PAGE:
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Jakarta Post

COVID-19: Indonesia calls for global cooperation to overcome medical supply shortage

  • Apriza Pinandita
    Apriza Pinandita

    The Jakarta Post

Jakarta   /   Fri, April 17, 2020   /   03:38 pm
 COVID-19: Indonesia calls for global cooperation to overcome medical supply shortage Foreign Minister Retno L.P. Marsudi attends the fifth International Cooperation Group (ICG) teleconference on a global COVID-19 response from her office on April 7. (courtesy of Foreign Ministry/-)

Indonesia has once again called for international communities to join hands in the face of the deadly novel coronavirus pandemic, which has now infected more than 2 million people worldwide, particularly in addressing global shortages of medical supplies.

As many world countries now scramble to secure basic protective gear, Jakarta proposed to push forward cooperation between countries with the capacity to produce raw materials and countries with adequate human resources and technological capacities to overcome the challenge.

“It is very important for us to learn from the experience of others — the best practices and even the shortcomings,” Foreign Minister Retno LP Marsudi said on Thursday.

"In order to effectively deal with the crisis, I believe we should not lose sight of the long-term perspective, which calls for the strengthening of international cooperation to bring our life back to normal.

 “For example, Indonesia is now in a practical joint production scheme for medical supplies, such as personal protective equipment [PPE], with South Korea and Japan.”

The minister said she had also been engaged in intensive communication with several other foreign ministries and would continue to do so.

Read also: Indonesia’s strategy to combat COVID-19: What we know so far

The World Health Organization raised a warning last month over a global shortage of medical equipment as it asked countries and companies to increase production of supplies by 40 percent amid the increasing death toll from COVID-19 worldwide, Reuters reported.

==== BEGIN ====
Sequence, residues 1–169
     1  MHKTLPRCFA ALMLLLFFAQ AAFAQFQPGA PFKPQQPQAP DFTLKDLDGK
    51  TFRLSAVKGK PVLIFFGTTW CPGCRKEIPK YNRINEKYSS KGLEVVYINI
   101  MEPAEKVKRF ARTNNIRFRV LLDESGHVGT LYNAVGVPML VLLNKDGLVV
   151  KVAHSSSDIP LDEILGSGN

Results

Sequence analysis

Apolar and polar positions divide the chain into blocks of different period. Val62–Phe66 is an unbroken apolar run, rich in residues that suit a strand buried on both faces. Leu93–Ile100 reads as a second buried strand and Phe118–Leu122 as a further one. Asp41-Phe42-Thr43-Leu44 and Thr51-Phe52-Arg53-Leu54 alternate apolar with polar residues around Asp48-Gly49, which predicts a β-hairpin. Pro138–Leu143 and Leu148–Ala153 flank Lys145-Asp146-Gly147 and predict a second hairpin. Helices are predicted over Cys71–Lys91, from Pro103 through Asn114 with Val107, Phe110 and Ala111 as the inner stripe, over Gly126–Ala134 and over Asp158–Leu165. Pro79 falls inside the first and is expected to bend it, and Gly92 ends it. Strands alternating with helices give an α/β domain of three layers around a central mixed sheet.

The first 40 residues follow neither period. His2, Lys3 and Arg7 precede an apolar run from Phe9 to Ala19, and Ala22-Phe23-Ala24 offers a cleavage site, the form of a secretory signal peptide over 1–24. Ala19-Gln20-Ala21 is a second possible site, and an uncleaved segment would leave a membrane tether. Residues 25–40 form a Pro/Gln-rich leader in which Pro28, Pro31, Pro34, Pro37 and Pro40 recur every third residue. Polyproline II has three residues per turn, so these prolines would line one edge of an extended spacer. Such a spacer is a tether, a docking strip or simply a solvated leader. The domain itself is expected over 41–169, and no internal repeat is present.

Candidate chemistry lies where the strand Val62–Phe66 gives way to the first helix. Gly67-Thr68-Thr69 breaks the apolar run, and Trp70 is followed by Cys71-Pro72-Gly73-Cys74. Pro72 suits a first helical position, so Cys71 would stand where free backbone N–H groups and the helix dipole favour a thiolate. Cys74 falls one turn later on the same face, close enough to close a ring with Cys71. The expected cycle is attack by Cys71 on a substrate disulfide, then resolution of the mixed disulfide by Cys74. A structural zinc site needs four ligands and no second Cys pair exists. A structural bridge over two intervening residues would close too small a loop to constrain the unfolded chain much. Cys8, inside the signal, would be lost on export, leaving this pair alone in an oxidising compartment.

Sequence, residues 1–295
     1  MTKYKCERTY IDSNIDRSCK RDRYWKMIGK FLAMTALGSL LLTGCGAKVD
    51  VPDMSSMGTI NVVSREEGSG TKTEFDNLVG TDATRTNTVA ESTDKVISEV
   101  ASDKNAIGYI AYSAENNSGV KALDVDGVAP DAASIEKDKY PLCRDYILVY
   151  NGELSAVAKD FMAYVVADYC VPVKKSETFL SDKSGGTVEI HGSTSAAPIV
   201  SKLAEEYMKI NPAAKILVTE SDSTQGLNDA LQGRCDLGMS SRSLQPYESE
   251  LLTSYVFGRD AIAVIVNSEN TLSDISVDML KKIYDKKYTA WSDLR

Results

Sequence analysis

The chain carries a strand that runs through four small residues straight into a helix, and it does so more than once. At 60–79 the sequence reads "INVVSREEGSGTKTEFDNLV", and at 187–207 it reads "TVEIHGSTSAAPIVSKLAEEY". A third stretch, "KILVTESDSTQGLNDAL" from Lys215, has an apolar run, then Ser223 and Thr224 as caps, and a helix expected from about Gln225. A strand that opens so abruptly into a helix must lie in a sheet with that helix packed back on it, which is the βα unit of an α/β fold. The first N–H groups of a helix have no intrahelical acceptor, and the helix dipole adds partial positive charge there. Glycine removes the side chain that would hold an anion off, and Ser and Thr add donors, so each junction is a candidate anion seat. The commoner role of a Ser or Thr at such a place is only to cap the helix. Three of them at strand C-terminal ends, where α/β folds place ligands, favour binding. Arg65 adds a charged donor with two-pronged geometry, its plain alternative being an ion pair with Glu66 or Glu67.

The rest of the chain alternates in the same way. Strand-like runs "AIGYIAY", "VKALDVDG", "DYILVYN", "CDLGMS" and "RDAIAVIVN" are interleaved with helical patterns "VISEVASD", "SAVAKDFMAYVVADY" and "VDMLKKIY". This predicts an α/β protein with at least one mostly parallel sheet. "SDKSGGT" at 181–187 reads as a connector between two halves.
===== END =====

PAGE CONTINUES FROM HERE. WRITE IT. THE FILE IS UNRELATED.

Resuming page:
The lack of protective gear and supplies has taken its toll on healthcare workers around the world, including in Indonesia, where dozens of nurses and doctors working in the frontline of the coronavirus battle have reportedly been infected by the fast-spreading virus.

Worldometer data showed on Friday that over 2.1 million people in 210 countries and territories have contracted the disease, with more than 146,000 deaths. Official figures in Indonesia showed that more than 5,500 people have been infected, with the death toll reaching nearly 500 as of Thursday afternoon.

At least 394 Indonesians have tested positive for the coronavirus overseas.

Retno went on to say that another focus in Indonesia's foreign policy was to ensure the protection of Indonesian citizens abroad and foreign nationals in Indonesia during the global pandemic.

“Our doors must be open for repatriation efforts. But we need to make sure the mandatory health protocols comply with recommendations from the WHO,” she said.

Indonesia also pledged to ensure that its containment measures in restricting people's mobility will not disrupt global trade and supply chains, including the flow of medical goods and medicines, Retno added.